While some states have begun offering COVID-19 vaccines to state inmates, those incarcerated in Alabama have not yet had a chance to receive the potentially life-saving inoculations, and it may be another month before vaccinations in state prisons begin.
This, despite Alabama prisons ranking as eighth highest in COVID-19 deaths in the nation, per 100,000 inmates, according to a joint project by The Marshall Project and The Associated Press.
In California, 40 percent of the inmates have received the first of two vaccine doses, according to news accounts. Vaccinations in the state’s prisons began Dec. 22. As of Feb. 23 there had been 211 COVID-19 deaths among inmates and 26 prison worker deaths in California, according to the KTLA 5 news station.
To date, 61 inmates in Alabama have died after either testing positive for COVID-19 before or after death. Additionally, three prison workers have died from COVID-19.
The Alabama Department of Public Health on Feb. 8 opened vaccinations up to those 65 and older, teachers, certain other frontline workers and people living in congregate settings, which include inmates.
Kristi Simpson, a spokeswoman for the Alabama Department of Corrections, in a recent response to APR said the department in October ordered refrigeration equipment to store the vaccines.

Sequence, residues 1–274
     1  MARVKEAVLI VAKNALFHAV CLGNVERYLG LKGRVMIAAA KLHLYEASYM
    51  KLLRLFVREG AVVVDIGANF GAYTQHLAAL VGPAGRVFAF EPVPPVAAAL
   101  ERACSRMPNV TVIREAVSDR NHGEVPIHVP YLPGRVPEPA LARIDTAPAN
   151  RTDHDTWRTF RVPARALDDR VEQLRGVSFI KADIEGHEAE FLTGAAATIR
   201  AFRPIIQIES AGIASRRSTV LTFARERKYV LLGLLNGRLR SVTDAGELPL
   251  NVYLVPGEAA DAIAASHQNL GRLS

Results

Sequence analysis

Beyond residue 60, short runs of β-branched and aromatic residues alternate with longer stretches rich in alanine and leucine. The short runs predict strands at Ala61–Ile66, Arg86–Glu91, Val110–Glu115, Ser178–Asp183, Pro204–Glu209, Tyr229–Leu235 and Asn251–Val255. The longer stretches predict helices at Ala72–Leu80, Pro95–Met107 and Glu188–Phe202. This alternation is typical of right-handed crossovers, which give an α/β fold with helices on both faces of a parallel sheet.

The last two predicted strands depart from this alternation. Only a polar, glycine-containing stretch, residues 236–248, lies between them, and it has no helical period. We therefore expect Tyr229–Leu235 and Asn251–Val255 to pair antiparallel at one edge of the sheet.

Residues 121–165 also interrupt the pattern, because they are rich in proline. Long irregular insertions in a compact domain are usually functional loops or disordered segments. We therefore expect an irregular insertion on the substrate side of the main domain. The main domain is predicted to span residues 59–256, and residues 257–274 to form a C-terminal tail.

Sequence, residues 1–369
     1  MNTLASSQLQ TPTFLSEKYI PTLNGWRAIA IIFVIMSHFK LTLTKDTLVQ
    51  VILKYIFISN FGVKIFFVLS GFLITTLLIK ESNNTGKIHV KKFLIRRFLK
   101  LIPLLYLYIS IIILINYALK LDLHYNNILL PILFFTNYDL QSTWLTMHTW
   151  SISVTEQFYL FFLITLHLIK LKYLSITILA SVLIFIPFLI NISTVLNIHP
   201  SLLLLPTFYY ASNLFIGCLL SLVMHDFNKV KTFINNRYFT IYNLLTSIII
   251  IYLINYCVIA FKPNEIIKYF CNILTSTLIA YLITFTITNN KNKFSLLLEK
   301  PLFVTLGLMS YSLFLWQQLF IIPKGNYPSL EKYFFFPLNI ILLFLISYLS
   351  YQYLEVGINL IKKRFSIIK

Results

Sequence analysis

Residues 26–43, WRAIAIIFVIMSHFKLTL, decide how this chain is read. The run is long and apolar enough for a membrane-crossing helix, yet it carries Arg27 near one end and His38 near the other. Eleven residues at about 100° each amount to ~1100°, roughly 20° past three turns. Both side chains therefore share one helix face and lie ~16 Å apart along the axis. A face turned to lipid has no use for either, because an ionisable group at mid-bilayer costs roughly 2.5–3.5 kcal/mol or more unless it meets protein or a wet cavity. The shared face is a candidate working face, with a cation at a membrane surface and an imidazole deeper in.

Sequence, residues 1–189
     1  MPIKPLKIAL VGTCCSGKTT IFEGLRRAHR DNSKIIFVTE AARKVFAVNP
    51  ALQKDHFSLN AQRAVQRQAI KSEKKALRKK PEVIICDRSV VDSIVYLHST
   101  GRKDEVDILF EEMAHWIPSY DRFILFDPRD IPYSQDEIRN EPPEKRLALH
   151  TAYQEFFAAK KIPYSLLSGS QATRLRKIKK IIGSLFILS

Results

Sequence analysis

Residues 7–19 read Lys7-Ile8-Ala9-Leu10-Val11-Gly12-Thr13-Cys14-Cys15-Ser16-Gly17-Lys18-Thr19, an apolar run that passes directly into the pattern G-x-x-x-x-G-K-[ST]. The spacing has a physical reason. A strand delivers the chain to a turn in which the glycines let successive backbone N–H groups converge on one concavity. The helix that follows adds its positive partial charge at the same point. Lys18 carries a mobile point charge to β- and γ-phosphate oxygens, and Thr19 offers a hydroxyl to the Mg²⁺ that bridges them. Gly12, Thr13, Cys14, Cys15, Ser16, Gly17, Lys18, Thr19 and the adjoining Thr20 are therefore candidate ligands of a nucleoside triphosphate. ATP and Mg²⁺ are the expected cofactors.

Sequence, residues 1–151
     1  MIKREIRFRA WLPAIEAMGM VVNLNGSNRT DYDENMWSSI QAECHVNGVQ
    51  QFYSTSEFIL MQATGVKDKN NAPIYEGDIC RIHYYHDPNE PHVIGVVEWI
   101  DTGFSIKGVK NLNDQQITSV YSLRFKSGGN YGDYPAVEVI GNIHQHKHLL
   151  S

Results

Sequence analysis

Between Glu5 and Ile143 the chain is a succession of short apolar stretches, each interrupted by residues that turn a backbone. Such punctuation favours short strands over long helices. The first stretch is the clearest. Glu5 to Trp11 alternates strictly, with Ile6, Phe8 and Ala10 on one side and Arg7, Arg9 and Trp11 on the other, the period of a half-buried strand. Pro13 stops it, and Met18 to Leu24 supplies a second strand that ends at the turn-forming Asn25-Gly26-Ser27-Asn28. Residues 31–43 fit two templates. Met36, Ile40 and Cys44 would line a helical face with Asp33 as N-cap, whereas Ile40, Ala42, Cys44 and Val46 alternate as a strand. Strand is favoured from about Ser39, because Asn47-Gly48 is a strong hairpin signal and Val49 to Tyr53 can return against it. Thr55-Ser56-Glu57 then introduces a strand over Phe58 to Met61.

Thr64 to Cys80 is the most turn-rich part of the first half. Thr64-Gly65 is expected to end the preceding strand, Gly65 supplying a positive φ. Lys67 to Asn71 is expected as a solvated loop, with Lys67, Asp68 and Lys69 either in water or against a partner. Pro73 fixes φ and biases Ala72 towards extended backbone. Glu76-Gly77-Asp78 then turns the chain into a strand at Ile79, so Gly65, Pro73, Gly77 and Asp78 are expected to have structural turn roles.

“Due to high national demand, the refrigeration equipment has not yet shipped – we anticipate it will ship soon and expect it to arrive in early March,” Simpson said. “Once the equipment arrives, is properly installed, and subsequently is inspected by the ADPH to ensure the vaccine can be safely and securely stored, we anticipate our vaccine orders will be delivered and the inoculation process can begin – likely in late March.”
ADOC’s refrigeration equipment, once it arrives, will have to be inspected by the Alabama Department of Public Health, Simpson said.
“As such, these timeframes are best estimations and are subject to change,” Simpson said.
Alabama’s prison workers can currently be vaccinated through local providers, and once the refrigeration equipment is in place and inspected, ADOC will update its existing order of vaccines to include all staff and all inmates. ADOC’s previous vaccine order reflects the vaccine rollout phase the state was in at the time, Simpson explained.
Asked if it would be possible to store the vaccines at other locations so that the vaccination of inmates and staff could begin before ADOC’s equipment arrives, Simpson said no.
“Aside from the fact that there are only a limited number of locations across the state that can safely refrigerate and store the vaccine, the vaccine cannot be safely transported to our facilities without onsite refrigeration available upon receipt as its integrity would be compromised during movement,” Simpson said. “That is why we must have these refrigeration systems onsite and operable at our facilities to begin the inoculation process.”
Additionally, ADOC’s health care provider, Wexford Health, does not have statewide storage capabilities, and the on-site refrigeration equipment would be needed regardless, Simpson said in a response to APR’s further questions.
Simpson said ADOC is working as quickly as possible “and will be ready to move expeditiously once our refrigeration systems are installed and inspected.”
“I should note that all parties involved – the ADPH and the ADOC – are at the mercy of a supply and demand economy. Orders for this necessary refrigeration equipment are not just delayed for us, but for everyone due to high demand and limited supplies. This is also obviously true of the vaccines themselves, which you can see playing out across the country to varying degrees,” Simpson said.